Agents of S.H.I.E.L.D.
“Agents of S.H.I.E.L.D. commits to a diverse cast but unequal screen time for women mars its record on overall inclusiveness.”
Title: Agents of S.H.I.E.L.D.
Episodes Reviewed: Seasons 1-5
Creators: Joss Whedon 👨🏼🇺🇸, Jed Whedon 👨🏼🇺🇸, and Maurissa Tancharoen 👩🏻🇺🇸
Writers: Jed Whedon 👨🏼🇺🇸, Maurissa Tancharoen 👩🏻🇺🇸, Jeffrey Bell 👨🏼🇺🇸, Paul Zbyszewski 👨🏼🇺🇸, Monica Owusu-Breen 👩🏽🇬🇧, Brent Fletcher👨🏼🇺🇸, Lauren LeFranc 👩🏼🇺🇸, DJ Doyle 👨🏼🇺🇸, Drew Greenberg 👨🏼🇺🇸, Craig Titley 👨🏼🇺🇸, and various
Review by Xochilt Williams 👩🏽🇺🇸
Marvel’s Agents of S.H.I.E.L.D. on ABC offers solid quality that doesn’t try to reinvent the wheel of the superhero genre. Every week, viewers are treated to the exploits of a shadow team, led by Marvel Cinematic Universe darling Phil Coulson (Clark Gregg). Made up of both powered and non-powered members, the team gets put through more than its share of harrowing trials. From taking on Inhumans—an alien species with the ability to manifest unique abilities—to journeying through space and time, S.H.I.E.L.D. forges onward invoking Coulson’s renowned optimism each step of the way.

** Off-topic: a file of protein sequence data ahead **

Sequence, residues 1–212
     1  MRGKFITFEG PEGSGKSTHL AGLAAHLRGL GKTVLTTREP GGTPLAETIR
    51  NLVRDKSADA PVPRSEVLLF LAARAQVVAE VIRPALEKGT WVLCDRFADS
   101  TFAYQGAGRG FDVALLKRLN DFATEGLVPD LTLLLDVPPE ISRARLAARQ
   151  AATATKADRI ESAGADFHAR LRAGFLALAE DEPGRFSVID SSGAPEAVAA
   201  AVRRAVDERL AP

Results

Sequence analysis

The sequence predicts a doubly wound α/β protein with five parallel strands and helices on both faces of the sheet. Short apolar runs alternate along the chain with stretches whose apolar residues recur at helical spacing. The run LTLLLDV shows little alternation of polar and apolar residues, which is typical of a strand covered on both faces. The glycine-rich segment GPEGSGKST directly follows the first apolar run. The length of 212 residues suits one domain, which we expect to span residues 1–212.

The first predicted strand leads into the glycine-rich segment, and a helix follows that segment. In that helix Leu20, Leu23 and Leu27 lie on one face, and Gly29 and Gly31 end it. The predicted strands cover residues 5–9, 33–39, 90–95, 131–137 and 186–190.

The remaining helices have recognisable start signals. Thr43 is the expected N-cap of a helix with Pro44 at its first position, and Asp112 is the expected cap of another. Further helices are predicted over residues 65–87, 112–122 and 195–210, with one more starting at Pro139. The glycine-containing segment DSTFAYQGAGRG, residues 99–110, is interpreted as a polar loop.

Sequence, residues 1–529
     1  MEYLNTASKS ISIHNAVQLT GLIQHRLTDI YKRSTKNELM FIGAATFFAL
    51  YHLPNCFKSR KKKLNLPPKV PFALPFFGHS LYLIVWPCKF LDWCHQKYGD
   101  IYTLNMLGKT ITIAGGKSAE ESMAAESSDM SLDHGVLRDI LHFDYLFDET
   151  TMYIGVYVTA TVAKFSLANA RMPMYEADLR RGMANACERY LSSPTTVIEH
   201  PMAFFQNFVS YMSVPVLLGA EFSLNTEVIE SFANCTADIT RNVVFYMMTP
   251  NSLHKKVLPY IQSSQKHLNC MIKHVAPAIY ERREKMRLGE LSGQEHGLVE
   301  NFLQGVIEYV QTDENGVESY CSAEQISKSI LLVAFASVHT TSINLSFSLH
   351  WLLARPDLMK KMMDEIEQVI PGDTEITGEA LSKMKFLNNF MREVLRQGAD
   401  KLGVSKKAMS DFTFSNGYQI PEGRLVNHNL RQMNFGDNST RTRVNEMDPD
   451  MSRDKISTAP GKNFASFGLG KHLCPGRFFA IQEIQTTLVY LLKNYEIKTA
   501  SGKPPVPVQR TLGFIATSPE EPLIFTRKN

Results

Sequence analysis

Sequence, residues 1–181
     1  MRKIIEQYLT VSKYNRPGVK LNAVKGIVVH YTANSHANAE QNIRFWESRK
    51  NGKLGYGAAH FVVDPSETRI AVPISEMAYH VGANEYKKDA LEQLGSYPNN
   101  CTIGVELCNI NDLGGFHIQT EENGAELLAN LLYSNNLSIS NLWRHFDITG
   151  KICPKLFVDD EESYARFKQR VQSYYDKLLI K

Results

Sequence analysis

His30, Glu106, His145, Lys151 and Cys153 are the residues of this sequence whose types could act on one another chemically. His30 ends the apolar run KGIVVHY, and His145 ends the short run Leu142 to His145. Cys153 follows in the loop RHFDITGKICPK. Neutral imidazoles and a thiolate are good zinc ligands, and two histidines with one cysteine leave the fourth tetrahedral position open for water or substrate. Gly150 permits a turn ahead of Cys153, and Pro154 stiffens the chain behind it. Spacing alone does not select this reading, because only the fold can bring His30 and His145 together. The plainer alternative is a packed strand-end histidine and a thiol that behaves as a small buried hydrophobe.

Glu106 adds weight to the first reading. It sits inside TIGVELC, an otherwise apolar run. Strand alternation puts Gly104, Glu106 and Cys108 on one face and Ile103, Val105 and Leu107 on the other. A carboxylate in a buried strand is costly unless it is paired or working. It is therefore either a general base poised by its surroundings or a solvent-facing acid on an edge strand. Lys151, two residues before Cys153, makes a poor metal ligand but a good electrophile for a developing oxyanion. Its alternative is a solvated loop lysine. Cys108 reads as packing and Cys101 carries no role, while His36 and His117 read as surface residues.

The inaugural season stumbles a bit with pacing and special effects (sadly, not all green screens are created equal), but there have been significant improvements since, both technically and narratively. The inclusion of Inhumans in Season 2 makes for engaging storytelling, while Season 4’s Ghost Rider arc sees some of the best CGI on the show to date through Gabriel Luna’s seamless transformations to the Rider.
Does it pass the Bechdel Test? YES
For a show like Agents of S.H.I.E.L.D. where every member must contribute vitally or risk jeopardizing the mission, it’s nice to see women in strong, thoughtful roles like Elizabeth Henstridge’s Jemma Simmons, the biochemist who can perform life-saving surgery and run analytics on a bio-weapon at the same time. Elena “Yo-Yo” Rodriguez (Natalia Cordova-Buckley), who began as a Colombian political activist helping the oppressed in her country with her newfound Inhuman abilities, has also been a noteworthy addition to the team.
Behind the scenes, co-creator Maurissa Tancharoen and her colleagues appear to relish the making of powerful and intelligent women, who are the show’s true heavy lifters, both physically and cerebrally. Chloe Bennet’s Daisy “Quake” Johnson regularly overpowers her male opponents in combat. Daisy’s narrative, especially, receives ample time devoted to her origin story as she becomes essential to the introduction of Inhumans to the world of S.H.I.E.L.D. She starts as a maverick hacker unfit for the bureaucracy that S.H.I.E.L.D. embodies, but over time, and in part thanks to her Inhuman DNA, we see her become the team’s biggest gun.